ANDERSON – Most people have to search for their heroes. John Woodall Jr. just had to wait until 6 p.m. for his father to come home.
“He was just a pillar in this community and, for me, probably the greatest influence in my life,” Woodall said of his father, Dr. John Woodall.
The elder Woodall was awarded the B. Harry Beckham Award at Saturday’s NAACP Freedom Fund Banquet for his decades-long work in Anderson, not only as a physician serving hundreds of local families, but also as a volunteer for this church and various organizations.
“He has always considered his practice his way of giving back,” John Woodall Jr. said. “And one thing above all is he always lets you know love – and that you can spread love as far as you can and never run out.”
Along with celebrating the elder Woodall, the NAACP presented the President’s Award to Charles Walker, treasurer of the organization.
“He goes above and beyond what it means to serve,” NAACP Chapter President James Burgess said.
Anderson High School graduate Austin Morgan was presented with the second Anderson University Award scholarship, a $1,000 scholarship given to an outstanding AU student who has a proven record of service.
The banquet’s keynote speaker was the Rev. Ed Foggs of Sherman Street Church of God.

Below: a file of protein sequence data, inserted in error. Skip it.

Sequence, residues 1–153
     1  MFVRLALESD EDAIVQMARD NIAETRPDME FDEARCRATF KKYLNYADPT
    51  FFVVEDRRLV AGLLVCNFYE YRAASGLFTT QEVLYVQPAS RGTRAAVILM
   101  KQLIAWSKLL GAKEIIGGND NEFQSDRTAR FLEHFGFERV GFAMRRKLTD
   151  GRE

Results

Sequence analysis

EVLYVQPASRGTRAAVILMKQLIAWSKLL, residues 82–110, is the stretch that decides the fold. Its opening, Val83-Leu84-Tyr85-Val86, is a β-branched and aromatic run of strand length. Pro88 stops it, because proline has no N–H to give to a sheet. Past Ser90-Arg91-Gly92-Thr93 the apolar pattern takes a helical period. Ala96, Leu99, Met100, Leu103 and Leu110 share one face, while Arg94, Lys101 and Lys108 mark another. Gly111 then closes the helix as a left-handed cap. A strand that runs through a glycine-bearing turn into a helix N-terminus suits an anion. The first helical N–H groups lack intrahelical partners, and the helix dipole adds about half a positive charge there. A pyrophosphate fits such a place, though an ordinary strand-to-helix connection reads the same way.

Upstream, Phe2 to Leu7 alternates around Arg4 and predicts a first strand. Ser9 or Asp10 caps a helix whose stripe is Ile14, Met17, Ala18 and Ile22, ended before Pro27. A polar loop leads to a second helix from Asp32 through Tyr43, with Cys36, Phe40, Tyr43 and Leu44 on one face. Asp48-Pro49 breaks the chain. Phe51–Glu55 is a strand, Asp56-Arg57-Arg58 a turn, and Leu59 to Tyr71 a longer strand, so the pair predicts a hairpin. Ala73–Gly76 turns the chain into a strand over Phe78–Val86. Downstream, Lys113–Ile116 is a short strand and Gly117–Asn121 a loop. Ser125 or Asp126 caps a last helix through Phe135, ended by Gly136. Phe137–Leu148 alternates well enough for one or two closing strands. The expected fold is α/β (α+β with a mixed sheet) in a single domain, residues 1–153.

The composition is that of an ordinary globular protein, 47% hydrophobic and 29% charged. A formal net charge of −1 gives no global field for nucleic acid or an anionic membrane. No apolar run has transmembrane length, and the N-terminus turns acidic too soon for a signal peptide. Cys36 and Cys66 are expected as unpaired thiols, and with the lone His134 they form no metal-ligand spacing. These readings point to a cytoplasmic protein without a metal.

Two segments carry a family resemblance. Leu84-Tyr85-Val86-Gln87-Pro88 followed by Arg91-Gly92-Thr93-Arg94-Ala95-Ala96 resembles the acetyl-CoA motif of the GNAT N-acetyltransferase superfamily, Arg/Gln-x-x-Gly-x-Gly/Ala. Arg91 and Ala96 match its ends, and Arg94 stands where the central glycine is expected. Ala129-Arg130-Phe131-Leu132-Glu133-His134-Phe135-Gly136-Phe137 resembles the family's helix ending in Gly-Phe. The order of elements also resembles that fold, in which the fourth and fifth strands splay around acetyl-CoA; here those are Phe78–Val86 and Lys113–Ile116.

Along with honoring several local leaders, the annual banquet serves as a “Clarion Call” for the organization to bring attention to what Burgess sees as an increase in divisiveness and hatred in the world.
“The polarization in this country and the increase in hate groups has some civil rights organizations and experts predicting a neo-Civil War here in America,” Burgess wrote in the official Clarion Call.
Burgess said the NAACP’s record and history as an organization seeking advancement for all people, regardless of race, religion or political party, means it is more important now than at any time in recent memory to stand against hate in all its forms.
“That Clarion Call is going to tell you something about who is going to take charge. … You can kill a man or a woman, but you can’t kill the idea,” Burgess said.
He also pushed back against those who believe the NAACP doesn’t do enough.
“If you don’t think the NAACP is doing anything, look around, you are the NAACP,” he said.
Burgess spoke out against the polarization he sees as Tuesday’s election nears.
“What I see, it frightens me,” he said. “It’s on both sides, and the way we treat some people. … We are supposed to be able to disagree but still come together.”